A slightly above-average achiever's guide to parenting
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Ye Olde Triceratops (or that time we went to King Richard's Faire)
September 28, 2016
What, doesn't everyone ride a princess pony with a triceratops head on?
The lovely people at King Richard's Faire were kind enough to pass along some extra tickets for us to go visit the Faire this past weekend. Having gone to the Faire four times prior to having kids, I could not wait to show it to Chewie.
Before we went, I showed Chewie a promo video of what we would be seeing. For my sometimes sensitive toddler, it's best to prepare him for things that will likely blow his mind. I learned that lesson the hard way when we went to see his idol, Elmo, on stage and he screamed bloody murder when they turned the lights down and the music started.
But, fully prepared to see the "yousters" (or Jousters), Chewie was pumped when we arrived. I had recently bought him a dinosaur costume for Halloween, and he insisted on wearing it. Not because we were going to the Faire, but because dinosaur costumes are "everyday wear" at our house. I thought it'd be perfect for the Faire because he would look like a dragon. But every time someone at the Faire said "my, aren't you a fierce dragon?", Chewie would immediately respond with "Nope. I'm a triceratops". The kid is a stickler for precision, what can I say.
Not surprisingly, a place like King Richard's Faire is a dreamland for a toddler. The minute we walked in and he saw all the actors roaming around in costume, he was so excited. For those of you who haven't been, it's set in an actual forest, and so it does feel like you're in a honest to goodness ye olde village. The admission of the ticket covers any of the stage shows, which include things like jugglers and fire breathers, and a Tiger Show (which was awesome) and of course, the main event: the jousting tournament. Chewie is still talking about the Yousters.
As for bringing young children to the Faire, here are my tips:
The gates open at 10am. If you're still on a nap schedule, what we did was get there a little early so they could watch everyone in costume. That is a show in and of itself. It's an hour outside of Boston, so plan accordingly. We stayed until about 12:30, which was about as far as I could push him without a nap. Then, we had lunch packed for the car ride home and it was PTFO time as soon as we got home. He slept until 5:30 that night.
The entire grounds are set on either dirt ground or gravel, so I recommend wearing actual shoes. My sandaled feet and Chewie's croc'd feet were DISGUSTING afterward from all the dust. But I suppose that's a small price to pay.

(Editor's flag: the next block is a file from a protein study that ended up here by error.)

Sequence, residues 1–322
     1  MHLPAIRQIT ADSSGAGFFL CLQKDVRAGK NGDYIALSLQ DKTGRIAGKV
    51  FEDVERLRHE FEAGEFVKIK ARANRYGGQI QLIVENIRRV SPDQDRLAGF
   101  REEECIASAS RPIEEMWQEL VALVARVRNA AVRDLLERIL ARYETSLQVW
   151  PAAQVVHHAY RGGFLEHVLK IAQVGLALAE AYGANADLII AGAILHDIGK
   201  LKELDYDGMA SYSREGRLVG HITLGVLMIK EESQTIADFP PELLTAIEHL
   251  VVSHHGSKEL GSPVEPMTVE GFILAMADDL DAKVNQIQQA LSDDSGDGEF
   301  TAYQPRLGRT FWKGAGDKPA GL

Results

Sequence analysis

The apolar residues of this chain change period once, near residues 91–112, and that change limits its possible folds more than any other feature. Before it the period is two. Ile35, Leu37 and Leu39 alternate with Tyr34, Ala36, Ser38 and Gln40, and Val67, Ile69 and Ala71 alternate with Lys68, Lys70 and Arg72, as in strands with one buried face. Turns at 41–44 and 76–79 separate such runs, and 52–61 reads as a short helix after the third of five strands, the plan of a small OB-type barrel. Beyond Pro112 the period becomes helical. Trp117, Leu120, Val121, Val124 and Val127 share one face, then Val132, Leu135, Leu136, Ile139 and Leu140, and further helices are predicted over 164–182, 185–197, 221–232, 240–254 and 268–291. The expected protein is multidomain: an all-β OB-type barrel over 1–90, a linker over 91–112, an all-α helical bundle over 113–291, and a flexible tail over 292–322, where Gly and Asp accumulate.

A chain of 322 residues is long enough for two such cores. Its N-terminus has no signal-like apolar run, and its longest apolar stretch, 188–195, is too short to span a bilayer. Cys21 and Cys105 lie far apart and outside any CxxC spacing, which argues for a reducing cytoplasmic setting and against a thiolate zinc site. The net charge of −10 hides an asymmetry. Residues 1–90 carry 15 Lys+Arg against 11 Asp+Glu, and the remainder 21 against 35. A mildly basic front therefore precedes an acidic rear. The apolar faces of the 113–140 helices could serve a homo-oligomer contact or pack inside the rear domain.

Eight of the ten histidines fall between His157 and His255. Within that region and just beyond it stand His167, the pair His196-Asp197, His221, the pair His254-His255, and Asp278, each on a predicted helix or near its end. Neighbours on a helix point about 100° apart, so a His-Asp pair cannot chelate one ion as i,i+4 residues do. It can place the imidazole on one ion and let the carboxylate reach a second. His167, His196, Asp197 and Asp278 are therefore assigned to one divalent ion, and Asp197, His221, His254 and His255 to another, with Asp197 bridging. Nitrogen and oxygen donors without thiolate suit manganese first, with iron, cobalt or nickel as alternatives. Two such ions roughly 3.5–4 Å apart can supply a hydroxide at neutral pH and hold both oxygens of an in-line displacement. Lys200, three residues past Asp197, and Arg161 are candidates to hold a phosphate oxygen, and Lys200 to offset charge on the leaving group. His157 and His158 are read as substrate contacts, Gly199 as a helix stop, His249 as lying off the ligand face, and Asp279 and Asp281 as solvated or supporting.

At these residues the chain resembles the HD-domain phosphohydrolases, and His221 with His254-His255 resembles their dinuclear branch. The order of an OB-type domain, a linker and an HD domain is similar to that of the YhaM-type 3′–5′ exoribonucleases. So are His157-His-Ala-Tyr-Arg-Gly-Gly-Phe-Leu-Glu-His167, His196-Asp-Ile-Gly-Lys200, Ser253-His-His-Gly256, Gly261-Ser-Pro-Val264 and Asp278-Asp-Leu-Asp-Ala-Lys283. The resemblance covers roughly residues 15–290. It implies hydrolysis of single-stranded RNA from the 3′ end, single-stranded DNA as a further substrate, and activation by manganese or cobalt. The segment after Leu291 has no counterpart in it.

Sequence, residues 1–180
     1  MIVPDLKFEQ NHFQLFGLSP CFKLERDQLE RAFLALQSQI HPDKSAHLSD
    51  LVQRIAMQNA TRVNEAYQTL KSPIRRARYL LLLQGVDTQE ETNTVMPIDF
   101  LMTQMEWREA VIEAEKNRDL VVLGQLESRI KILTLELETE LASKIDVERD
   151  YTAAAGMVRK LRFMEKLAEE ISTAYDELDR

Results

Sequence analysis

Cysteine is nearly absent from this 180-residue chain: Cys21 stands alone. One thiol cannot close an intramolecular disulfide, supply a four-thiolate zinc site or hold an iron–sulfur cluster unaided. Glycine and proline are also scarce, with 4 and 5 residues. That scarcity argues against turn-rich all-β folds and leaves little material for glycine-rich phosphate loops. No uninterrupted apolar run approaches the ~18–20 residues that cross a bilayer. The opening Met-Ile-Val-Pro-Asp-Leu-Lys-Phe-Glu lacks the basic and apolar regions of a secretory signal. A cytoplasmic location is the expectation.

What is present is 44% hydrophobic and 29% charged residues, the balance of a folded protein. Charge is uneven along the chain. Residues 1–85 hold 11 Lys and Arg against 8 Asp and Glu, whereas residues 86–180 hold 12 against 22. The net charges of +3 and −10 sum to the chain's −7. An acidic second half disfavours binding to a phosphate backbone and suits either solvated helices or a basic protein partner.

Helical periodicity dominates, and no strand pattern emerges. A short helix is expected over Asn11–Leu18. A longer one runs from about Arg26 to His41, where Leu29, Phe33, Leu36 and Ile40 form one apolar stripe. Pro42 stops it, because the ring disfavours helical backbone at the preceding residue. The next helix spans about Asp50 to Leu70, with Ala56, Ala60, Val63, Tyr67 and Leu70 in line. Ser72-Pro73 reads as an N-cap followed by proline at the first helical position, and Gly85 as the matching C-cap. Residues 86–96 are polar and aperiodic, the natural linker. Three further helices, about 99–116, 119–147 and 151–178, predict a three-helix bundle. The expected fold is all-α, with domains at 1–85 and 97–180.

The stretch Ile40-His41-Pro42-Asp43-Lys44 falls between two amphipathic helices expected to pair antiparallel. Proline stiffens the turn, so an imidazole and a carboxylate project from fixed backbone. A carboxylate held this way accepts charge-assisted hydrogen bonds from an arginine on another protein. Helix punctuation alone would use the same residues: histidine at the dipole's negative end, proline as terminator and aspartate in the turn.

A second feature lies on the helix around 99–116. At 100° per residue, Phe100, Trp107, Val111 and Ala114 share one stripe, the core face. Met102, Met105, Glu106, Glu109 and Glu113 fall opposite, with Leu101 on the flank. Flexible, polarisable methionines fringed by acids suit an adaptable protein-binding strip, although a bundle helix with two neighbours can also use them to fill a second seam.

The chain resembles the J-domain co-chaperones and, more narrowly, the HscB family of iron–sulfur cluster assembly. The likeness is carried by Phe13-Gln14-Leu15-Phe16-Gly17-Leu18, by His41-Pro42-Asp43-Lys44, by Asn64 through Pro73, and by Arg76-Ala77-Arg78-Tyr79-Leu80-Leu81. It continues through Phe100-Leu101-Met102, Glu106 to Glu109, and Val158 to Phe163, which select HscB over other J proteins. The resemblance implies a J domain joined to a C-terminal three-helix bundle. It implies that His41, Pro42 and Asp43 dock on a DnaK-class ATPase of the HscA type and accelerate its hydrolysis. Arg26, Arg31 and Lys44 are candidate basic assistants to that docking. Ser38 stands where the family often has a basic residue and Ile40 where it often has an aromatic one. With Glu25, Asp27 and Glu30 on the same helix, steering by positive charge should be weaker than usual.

There were plenty of families who brought strollers into the grounds. We let Chewie walk and I put BFF in an ergo and that seemed to work. If you're going to push through and nap on the go, a stroller would be clutch. Not sure if they're technically "old timey", but I did see someone wheeling their child around in a velvet covered wagon with their "sleeping beauty". It was adorable and I would've gotten a picture if I wasn't convinced they'd think I was creepy.
They do not allow outside food in other than baby food. That's partly why we did the food in the car ride home, because sadly, as adventurous as Chewie can be about food, I knew a turkey leg would be pushing it too far.
The Faire is open only on Saturdays and Sundays and closes October 23rd, so if you're going, get there soon.
And, because it's adorable, here are more photos of Chewie dressed like a Triceratops at the Faire.
WAY into the Jousting. Or as Chewie called it "the yousting"
Riding one of the rides, which were named the Nina, the Pinta and the Santa Maria. Not positive, but that might have been a slightly different time period. But who am I to argue. Triceratops were certainly a different time period. And you know what they say, dinosaurs can't be choosers.
Cheering on our knight with his Tanta. Pretty sure (as with the whole faire) the grown ups were a little more excited than the toddlers. But I'm convinced it was only because the toddlers' brains couldn't even comprehend that much awesomeness in one place.